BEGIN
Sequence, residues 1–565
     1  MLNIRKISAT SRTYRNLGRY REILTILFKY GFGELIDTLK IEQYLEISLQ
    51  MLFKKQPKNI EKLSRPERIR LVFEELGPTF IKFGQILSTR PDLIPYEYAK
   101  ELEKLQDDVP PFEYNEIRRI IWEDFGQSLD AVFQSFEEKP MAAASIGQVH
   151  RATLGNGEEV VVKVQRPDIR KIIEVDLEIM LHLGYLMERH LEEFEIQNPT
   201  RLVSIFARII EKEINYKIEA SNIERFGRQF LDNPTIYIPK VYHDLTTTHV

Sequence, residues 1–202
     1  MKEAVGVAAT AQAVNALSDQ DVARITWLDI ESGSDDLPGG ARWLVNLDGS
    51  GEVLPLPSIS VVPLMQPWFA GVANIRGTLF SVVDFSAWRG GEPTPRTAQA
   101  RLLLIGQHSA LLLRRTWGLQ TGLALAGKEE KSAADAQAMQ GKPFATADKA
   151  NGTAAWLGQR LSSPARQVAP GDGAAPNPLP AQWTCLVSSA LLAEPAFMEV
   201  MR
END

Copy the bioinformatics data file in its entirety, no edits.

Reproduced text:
Sequence, residues 1–565
     1  MLNIRKISAT SRTYRNLGRY REILTILFKY GFGELIDTLK IEQYLEISLQ
    51  MLFKKQPKNI EKLSRPERIR LVFEELGPTF IKFGQILSTR PDLIPYEYAK
   101  ELEKLQDDVP PFEYNEIRRI IWEDFGQSLD AVFQSFEEKP MAAASIGQVH
   151  RATLGNGEEV VVKVQRPDIR KIIEVDLEIM LHLGYLMERH LEEFEIQNPT
   201  RLVSIFARII EKEINYKIEA SNIERFGRQF LDNPTIYIPK VYHDLTTTHV

Sequence, residues 1–202
     1  MKEAVGVAAT AQAVNALSDQ DVARITWLDI ESGSDDLPGG ARWLVNLDGS
    51  GEVLPLPSIS VVPLMQPWFA GVANIRGTLF SVVDFSAWRG GEPTPRTAQA
   101  RLLLIGQHSA LLLRRTWGLQ TGLALAGKEE KSAADAQAMQ GKPFATADKA
   151  NGTAAWLGQR LSSPARQVAP GDGAAPNPLP AQWTCLVSSA LLAEPAFMEV
   201  MR